I don’t like deleting comments, nor do I like moderating them. I think that’s what bloggers do so they can deter people who might disagree with them from commenting. It’s the pussy way out, and I refuse to do it. Which most have you have clued in to and have been taking advantage of for quite awhile.

                Between the constant defensiveness and repetitiveness to the outright disturbing nature of some of the comments, I’ve just lost interest in having comments at all. This isn’t a place where you can work out your frustrations at the opposite sex, or somewhere you can pass the time because your job doesn’t keep you all that busy. Nor is it group therapy where you can unload all your personal problems. It’s also not a place where you can bluster and desperately try to engage people in a debate so you can “outwit” them with your logic and reason and you can feel better about yourself. In short, these comments aren’t all about you.

                If people would just stick to the topic at hand and stop using this space as their personal sandbox or soapbox, we could go back to having valuable discussions.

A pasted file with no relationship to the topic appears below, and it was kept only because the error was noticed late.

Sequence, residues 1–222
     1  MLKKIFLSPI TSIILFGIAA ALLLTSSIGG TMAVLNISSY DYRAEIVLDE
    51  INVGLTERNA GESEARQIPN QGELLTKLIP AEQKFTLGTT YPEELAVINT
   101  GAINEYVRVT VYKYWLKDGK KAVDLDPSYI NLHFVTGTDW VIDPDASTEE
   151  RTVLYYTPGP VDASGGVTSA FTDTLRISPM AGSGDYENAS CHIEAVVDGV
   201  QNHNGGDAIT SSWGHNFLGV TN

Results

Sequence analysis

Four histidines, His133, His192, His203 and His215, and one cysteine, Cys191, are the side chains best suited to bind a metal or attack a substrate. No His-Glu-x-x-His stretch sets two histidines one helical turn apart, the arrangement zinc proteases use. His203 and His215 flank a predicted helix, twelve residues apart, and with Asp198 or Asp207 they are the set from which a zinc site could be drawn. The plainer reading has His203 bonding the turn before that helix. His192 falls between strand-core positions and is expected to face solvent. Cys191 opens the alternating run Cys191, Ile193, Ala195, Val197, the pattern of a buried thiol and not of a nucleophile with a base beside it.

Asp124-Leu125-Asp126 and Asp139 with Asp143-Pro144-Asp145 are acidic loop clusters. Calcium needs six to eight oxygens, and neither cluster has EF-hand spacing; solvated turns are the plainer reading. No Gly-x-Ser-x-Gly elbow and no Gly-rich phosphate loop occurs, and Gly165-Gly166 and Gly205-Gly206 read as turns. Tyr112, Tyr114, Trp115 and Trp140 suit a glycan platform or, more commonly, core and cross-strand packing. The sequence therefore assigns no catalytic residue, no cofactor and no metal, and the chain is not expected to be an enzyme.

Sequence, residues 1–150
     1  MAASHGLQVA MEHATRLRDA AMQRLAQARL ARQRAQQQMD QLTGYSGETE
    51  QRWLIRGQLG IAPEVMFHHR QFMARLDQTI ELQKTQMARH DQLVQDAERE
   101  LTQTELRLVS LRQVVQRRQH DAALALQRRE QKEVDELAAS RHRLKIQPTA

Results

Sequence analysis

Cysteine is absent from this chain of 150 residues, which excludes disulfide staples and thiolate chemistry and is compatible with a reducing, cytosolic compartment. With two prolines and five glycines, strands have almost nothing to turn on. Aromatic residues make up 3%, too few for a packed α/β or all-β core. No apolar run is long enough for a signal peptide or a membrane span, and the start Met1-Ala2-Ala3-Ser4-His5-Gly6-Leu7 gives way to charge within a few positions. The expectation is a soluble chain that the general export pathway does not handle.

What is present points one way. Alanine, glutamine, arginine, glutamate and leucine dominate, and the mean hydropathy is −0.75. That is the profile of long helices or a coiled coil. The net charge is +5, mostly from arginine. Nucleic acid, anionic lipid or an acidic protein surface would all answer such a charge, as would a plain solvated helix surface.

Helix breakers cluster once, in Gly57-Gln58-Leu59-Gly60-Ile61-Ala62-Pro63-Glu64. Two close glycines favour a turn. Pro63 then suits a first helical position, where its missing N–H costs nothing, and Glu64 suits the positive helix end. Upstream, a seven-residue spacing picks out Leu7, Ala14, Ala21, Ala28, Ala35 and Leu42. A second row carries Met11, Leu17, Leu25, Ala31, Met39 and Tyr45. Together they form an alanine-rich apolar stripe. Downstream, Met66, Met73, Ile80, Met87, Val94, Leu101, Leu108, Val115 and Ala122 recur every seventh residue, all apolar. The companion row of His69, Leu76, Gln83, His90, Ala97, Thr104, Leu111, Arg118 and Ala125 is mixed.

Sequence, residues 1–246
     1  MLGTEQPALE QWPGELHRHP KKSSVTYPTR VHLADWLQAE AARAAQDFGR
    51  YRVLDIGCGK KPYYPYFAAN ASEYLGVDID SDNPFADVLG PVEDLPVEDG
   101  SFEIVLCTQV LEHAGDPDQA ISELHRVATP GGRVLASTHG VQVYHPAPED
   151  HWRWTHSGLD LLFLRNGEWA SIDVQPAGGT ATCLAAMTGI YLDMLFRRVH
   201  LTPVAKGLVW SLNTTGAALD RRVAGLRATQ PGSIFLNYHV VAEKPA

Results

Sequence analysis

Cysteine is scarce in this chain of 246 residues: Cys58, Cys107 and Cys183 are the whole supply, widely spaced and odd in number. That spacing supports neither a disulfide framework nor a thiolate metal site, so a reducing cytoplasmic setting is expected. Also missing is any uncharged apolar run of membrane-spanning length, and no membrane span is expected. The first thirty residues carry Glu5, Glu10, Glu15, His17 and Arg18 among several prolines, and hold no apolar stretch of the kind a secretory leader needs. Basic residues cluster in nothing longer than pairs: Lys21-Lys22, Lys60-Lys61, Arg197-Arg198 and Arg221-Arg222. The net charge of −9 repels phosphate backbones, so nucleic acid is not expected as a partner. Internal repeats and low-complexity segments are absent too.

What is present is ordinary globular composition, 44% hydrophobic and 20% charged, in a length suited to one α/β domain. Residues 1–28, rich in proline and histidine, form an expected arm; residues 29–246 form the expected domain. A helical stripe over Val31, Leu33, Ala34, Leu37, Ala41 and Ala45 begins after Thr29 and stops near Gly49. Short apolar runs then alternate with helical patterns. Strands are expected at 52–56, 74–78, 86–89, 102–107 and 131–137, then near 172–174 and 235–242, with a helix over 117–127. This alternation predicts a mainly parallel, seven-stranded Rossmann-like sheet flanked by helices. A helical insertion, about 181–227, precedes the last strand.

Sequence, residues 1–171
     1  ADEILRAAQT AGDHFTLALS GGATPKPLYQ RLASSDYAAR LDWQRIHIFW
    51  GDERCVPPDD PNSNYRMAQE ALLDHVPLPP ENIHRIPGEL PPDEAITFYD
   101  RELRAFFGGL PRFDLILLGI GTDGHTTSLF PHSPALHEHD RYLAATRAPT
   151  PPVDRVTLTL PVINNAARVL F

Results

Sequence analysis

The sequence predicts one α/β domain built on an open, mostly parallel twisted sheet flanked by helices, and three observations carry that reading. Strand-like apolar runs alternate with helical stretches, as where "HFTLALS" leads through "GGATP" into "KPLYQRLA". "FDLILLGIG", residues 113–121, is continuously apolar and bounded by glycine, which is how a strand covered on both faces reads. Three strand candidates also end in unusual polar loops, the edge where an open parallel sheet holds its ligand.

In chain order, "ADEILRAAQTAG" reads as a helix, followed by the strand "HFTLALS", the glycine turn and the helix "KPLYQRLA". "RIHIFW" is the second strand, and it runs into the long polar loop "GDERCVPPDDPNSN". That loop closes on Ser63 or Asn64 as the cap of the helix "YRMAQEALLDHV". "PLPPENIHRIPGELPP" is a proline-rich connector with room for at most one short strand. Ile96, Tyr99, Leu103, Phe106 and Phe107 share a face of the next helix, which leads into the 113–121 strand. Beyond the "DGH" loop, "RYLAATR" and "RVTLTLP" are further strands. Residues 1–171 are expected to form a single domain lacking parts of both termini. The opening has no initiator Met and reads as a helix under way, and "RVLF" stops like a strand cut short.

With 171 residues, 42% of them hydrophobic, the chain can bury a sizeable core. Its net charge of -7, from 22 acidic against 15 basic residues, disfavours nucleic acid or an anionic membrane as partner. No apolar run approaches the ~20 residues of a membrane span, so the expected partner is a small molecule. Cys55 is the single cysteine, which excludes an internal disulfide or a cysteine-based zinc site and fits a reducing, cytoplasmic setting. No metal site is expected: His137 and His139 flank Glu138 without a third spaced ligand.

• Saj Says:

                  I think the problem is the repetitiveness of the problems posted lately. You can only answer so many ways to the same thing without thinking….should I just cut paste my reply from a week ago? Girl A meets unavailable guy, sleeps with unavailable guy, unavailable guy is unavailable and girl has no idea what she did wrong.

                  Due to that and people wanting to post ANYWAY then they entertain themselves but by doing all you mentioned above or else the comments section would be dead and the blog might lose it’s appeal to many of the readers.

                  • Andthatswhyyouresingle Says:

                    Girl A meets unavailable guy, sleeps with unavailable guy, unavailable guy is unavailable and girl has no idea what she did wrong.